1 COMMENT

  1. The change in Bogota in a relatively short period of time is striking. There is indeed hope. Thanks for pointing to the article.

    • I recall the color coded zone map of Bogota that was used by the State Department and foreign companies in the 80s and 90s. The vast majority of the city was “red”, meaning do not go there under any circumstances. Some of it was in orange, which meant you could go in daylight with security. Only a small sliver was yellow and none green!

  2. I’m not a big fan of your piece Quico.

    For example, you say “Guerrero clamped down on the risk factors in tandem, working with the Colombian military to restrict the availability of handguns in Cali and restricting alcohol sales on weekends. Within a year, the murder rate had fallen from 126 to 100 per 100,000. Still very high, but substantially better.”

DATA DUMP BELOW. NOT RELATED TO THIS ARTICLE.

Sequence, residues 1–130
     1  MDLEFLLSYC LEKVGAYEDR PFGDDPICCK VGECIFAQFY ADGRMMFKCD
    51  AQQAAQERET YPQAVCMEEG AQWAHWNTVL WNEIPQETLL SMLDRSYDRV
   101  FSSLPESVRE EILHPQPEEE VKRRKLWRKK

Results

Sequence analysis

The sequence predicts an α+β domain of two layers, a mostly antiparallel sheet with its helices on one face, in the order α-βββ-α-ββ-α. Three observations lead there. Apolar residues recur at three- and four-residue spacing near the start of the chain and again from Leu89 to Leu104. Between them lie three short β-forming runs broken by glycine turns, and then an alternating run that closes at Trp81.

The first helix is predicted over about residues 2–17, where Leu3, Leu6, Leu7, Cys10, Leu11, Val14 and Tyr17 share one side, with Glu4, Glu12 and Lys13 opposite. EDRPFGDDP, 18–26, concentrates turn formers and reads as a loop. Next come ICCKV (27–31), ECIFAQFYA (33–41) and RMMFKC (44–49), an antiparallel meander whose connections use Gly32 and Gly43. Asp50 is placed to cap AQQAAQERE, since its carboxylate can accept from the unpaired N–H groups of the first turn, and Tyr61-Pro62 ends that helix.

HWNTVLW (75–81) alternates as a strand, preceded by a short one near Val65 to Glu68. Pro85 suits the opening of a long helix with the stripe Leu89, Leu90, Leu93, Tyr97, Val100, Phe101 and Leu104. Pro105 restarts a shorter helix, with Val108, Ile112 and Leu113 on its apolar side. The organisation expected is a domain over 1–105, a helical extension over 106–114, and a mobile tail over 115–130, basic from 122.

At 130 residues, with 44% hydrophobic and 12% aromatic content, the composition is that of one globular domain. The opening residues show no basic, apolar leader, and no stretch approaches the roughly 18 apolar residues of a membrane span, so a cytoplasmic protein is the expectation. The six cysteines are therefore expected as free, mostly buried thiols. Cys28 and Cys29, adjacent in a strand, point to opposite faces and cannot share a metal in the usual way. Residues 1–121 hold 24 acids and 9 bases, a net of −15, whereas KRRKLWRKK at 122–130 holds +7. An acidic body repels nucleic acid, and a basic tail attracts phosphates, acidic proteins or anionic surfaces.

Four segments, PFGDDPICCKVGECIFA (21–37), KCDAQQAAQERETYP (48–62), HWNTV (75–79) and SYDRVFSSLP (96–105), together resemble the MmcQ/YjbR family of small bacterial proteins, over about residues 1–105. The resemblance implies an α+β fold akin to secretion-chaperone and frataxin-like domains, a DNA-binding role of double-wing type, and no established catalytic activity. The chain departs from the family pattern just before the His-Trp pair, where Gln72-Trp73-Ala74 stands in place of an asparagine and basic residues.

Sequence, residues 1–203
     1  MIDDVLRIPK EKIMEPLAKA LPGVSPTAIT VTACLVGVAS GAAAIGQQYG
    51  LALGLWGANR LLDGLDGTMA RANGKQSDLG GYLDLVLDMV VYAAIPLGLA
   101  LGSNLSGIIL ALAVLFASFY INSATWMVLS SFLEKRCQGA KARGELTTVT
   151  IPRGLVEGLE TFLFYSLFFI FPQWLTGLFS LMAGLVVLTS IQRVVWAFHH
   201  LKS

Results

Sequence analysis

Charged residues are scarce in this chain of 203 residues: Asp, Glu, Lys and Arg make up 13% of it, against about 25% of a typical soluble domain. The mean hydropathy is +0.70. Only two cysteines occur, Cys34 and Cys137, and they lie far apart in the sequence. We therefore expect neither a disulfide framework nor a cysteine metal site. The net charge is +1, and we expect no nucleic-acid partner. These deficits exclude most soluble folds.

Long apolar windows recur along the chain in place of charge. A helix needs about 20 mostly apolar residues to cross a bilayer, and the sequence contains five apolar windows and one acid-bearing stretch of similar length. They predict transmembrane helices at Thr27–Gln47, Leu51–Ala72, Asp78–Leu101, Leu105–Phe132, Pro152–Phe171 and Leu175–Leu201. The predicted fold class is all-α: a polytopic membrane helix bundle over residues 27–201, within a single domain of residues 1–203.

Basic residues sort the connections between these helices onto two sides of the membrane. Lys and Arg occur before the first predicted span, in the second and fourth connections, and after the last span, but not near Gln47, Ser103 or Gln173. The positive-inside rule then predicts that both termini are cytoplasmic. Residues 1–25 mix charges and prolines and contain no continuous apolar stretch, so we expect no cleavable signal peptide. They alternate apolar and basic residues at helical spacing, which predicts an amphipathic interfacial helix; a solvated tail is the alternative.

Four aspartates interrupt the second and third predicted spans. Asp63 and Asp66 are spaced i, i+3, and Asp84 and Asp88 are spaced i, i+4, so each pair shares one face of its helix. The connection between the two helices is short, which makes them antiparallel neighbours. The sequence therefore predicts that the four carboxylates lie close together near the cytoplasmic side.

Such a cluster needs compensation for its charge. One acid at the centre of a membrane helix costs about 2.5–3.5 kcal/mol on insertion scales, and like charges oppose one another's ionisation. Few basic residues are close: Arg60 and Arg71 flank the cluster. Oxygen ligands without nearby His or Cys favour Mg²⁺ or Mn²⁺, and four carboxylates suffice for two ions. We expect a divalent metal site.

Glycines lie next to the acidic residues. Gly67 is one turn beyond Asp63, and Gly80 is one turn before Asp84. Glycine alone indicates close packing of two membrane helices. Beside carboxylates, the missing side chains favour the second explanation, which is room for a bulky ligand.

You make it sound as if tough policing had nothing to do with it. In fact, all through your piece there is scant mention of law enforcement. It’s all very touchy-feely, as if street lights and a ban on gun sales alone was enough to solve the problem. You even have a whopper: “all it takes is a streetlight.”

    You only give scant mention of the fact that “Such interventions, alongside more traditional measures like creating specialised police units and training prosecuting magistrates modeled on Sicilian anti-mafia police have led to the dismantling of 47 criminal gangs over the past three years.” You make it sound as though stree lights (!) and law enforcement were co-equals. You don’t even mention Plan Colombia and its effect on violence.

    To me, this sounds like something readers of The Guardian are comfortable with – with just enough love, we can convince criminals to behave like normal people. I think that does Guerrero a disservice.